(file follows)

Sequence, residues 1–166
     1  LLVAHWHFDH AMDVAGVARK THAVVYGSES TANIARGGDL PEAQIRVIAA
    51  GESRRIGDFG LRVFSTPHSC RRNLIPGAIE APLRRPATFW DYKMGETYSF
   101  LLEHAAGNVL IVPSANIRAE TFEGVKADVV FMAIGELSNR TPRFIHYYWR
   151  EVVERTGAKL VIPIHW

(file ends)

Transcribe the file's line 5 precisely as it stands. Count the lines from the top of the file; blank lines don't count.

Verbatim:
   151  EVVERTGAKL VIPIHW